The Alternative Dispute Resolution for Consumer Disputes (Competent Authorities and Information) Regulations 2015 are partly in force now and the remainder which imposes obligations on all landlords and letting agents takes effect on 9 July 2015.
The regulations require information to be provided by a ‘trader’ to a ‘consumer’ about alternative dispute resolution (ADR) entities in certain circumstances.
Parts 1 to 3 of the regulations provide definitions and provisions relating to the setting up of a list which will detail information about approved ADR entities.
For the purpose of the regulations, ‘trader’ means:
a person acting for purposes relating to that person’s trade, business, craft or profession, whether acting personally or through another person acting in the trader’s name or on the trader’s behalf.
And ‘consumer’ means:
an individual acting for purposes which are wholly or mainly outside that individual’s trade, business, craft or profession
It is therefore clear the regulations apply within a landlord / agent and tenant relationship.
Supply of information
Obliged to use ADR under enactment or trade association
- on the landlord or agents website, if they have a website and,
- in the general terms and conditions of sales or service contracts between the trader and a consumer.
It is important to note that you must be obliged under some enactment or trade body that you are a member of for this to apply. This will not apply to deposit protection schemes because although they all offer ADR, there is no obligation to use it (the information is covered by the prescribed information in any event).
You should therefore check with any trade bodies you are a member of to see if there is any obligation to use a specific ADR entity.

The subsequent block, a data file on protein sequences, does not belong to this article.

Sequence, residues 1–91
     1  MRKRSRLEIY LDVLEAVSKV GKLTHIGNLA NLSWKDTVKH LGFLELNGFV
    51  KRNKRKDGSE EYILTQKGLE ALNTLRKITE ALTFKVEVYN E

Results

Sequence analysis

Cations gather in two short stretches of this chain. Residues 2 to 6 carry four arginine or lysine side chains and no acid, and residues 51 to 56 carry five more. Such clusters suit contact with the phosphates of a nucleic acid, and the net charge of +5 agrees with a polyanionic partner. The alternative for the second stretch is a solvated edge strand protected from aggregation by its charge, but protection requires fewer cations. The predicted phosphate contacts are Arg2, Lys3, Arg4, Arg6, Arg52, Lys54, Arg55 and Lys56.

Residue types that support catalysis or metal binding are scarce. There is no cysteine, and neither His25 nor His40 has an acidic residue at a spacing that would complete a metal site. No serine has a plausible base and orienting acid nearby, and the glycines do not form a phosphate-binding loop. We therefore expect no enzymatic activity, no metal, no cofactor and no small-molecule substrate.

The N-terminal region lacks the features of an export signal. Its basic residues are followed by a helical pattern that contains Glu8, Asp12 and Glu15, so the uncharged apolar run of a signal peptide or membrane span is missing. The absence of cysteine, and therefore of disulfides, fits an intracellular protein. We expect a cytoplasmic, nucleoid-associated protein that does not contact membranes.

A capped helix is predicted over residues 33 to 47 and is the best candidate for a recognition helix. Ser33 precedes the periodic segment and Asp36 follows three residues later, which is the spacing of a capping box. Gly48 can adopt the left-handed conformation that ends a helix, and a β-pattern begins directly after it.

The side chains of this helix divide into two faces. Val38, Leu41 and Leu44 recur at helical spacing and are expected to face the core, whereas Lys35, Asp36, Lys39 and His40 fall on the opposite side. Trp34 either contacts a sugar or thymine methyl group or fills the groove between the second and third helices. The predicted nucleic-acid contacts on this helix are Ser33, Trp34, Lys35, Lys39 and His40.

If there is, the name and website address of the ADR entity must be put in any tenancy agreement between you and the tenant. Further, the name and website address must be put on your website (if you have a website). For letting agents this requirement would also extend to terms of business between them and their landlord clients.
Although alternative dispute resolution is advised on occasion, neither the Guild nor our accreditation scheme (PRS Accreditation Scheme) obliges it’s members to use any specific ADR entity.
Internal complaint handling exhausted
- that the landlord / agent cannot settle the complaint with the tenant; and
- the name and website address of an ADR entity which would be competent to deal with the complaint, should the tenant wish to use alternative dispute resolution; and
- whether the landlord / agent is obliged, or prepared, to submit to an alternative dispute resolution procedure operated by that ADR entity.
At the time of writing, the list of ADR entities which must be made available by the Secretary of State is not yet available that we can find. It is likely the list will be available on or around 9 July and we will update this post when we become aware.
The information detailed above is to be provided on a durable medium which means-
- paper or email, or
- any other medium that—
- allows information to be addressed personally to the recipient,
- enables the recipient to store the information in a way accessible for future reference for a period that is long enough for the purposes of the information, and
- allows the unchanged reproduction of the information stored;
My grandson, aged 21, and two others each rent a room in the same house. Nobody else lives there. Does their landlord need to be registered with any organisation and does my grandson have any third party to whom he can direct a dispute?